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The Changing Face of American Conservatism

This week was a milestone in the history of American conservatism.  President George H. W. Bush died.  He was the one who promised a “kinder gentler” conservatism when he became president.  Yet, he led the first Gulf War and established the principle of interfering in Middle Eastern Politics – a foundation stone of the Neoconservative movement (neocons).
It was also announced this week that the conservative magazine the Weekly Standard is scheduled to close soon.  The Weekly Standard was a strong voice of the neocon movement and was anti-Trump, even though they claimed to be conservative.
After months of searching for a buyer, the Weekly Standard’s owner MediaDC has decided to expand its other conservative publication, the Washington Examiner – a pro-Trump publication.
The Weekly Standard was founded in 1995 by Bill Kristol and Fred Barnes. During the presidency of George W. Bush, it was widely considered to be aligned with the administration and larger forces of neoconservatism.
Under Hayes’ leadership, The Weekly Standard has remained steadfast in its criticism of Trump. Supporters of Trump have lashed out at The Weekly Standard and its influence in Republican circles has dwindled, along with its subscription base.
The demise of the Weekly Standard is proof that the once popular neoconservatism of the past few decades has died, and President Trump’s definition of conservatism has triumphed for the moment.
But conservatism has gone through several changes since World War Two.  In the 1950s, there was the intellectual conservatism of William F. Buckley and the National Review.  That was supplanted by Reagan conservatism of the 1980s – to be followed by the neo-conservatism of the 1990s and 2000s.
Today, those have all been defeated by Trump Conservatism.
Of course, some say Trump isn’t a conservative.  Earlier this year, in a speech to the National Press Club, Sen. Jeff Flake made a charge that has become common among disillusioned “never Trump” Republicans: Donald Trump is corrupting “true conservatism” with his authoritarian style, neo-isolationist foreign policy, lack of fiscal discipline, and opposition to free trade.
What Sen. Flake and other “Never-Trumpers” fail to realize is that Trumpism is only the latest mutation in a long history of conservative evolution that goes back to the early 20th century.
The Father of modern American conservatism was William F. Buckley (November 24, 1925 – February 27, 2008).  He was a conservative intellectual, author, and commentator. In 1955, Buckley founded National Review, a magazine that became the flagship of the conservative movement in the late-20th century United States. Buckley hosted 1,429 episodes of the public affairs television show Firing Line (1966–1999).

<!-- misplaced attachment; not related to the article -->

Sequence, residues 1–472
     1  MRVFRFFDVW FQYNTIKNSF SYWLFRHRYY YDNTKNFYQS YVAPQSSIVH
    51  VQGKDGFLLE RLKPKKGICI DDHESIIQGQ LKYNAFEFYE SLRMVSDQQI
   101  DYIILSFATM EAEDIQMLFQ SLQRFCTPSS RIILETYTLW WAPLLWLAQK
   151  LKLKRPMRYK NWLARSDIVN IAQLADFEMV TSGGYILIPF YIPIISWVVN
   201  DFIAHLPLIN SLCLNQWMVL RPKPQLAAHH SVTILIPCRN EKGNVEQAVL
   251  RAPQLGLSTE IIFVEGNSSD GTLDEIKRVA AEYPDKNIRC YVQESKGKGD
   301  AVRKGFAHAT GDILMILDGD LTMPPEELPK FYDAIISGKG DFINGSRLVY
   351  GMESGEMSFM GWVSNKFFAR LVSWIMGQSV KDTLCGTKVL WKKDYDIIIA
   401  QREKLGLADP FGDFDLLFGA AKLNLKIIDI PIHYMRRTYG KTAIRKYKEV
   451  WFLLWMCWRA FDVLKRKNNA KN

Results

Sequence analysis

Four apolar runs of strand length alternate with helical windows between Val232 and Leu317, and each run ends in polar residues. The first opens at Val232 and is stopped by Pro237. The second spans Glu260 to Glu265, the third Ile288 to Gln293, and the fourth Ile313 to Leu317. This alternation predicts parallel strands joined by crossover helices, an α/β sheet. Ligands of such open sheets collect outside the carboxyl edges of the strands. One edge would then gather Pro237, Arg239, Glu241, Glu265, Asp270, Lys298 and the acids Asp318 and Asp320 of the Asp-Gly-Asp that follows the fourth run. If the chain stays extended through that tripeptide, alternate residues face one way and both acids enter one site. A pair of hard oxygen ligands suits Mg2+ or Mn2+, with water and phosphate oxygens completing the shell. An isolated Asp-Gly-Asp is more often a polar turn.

George H. Nash, a historian of the modern American conservative movement, said Buckley was “arguably the most important public intellectual in the United States in the past half century. For an entire generation, he was the preeminent voice of American conservatism and its first great ecumenical figure.” Buckley’s primary contribution to politics was a fusion of traditionalist conservatism, and classical liberalism; that fusion laid the groundwork for a rightward shift in the Republican Party, as exemplified by Barry Goldwater and Ronald Reagan.  As a Catholic, he also started to inject religion into the Conservative mainstream.
Buckley and National Review defined the boundaries of conservatism and excluded people, ideas or groups they considered unworthy of the conservative title. For example, Buckley denounced libertarian writer Ayn Rand, the John Birch Society, George Wallace, racists, white supremacists, and anti-Semites.
At the same time, American conservatism was taking another turn – one that Buckley started.  The late 1960s saw conservatives begin to champion religious causes, such as Bible reading and prayer in public schools. This caused great consternation among old-guard conservatives and their reaction to this “religious turn” in conservatism mirrors the current response of many George W. Bush neoconservatives to Trump’s “isolationist policy.”
Many have mistakenly assumed that the 1980 election of the avowedly conservative President Ronald Reagan meant that America had shifted “to the Right” after Goldwater’s loss. It was conservatism itself that had shifted toward America. By changing from a narrow-limited government economic ideology to a broader anti-Communist and religious one, conservatism had become attractive to demographics that had previously identified with the liberal side. Reagan’s election did not indicate that America had become more conservative, but that conservatism had changed to become more mainstream.
As much as they disliked some of Buckley’s ideas, establishment Republicans did admit that Buckley had changed American politics.  In 1991, Buckley received the Presidential Medal of Freedom from President George H. W. Bush.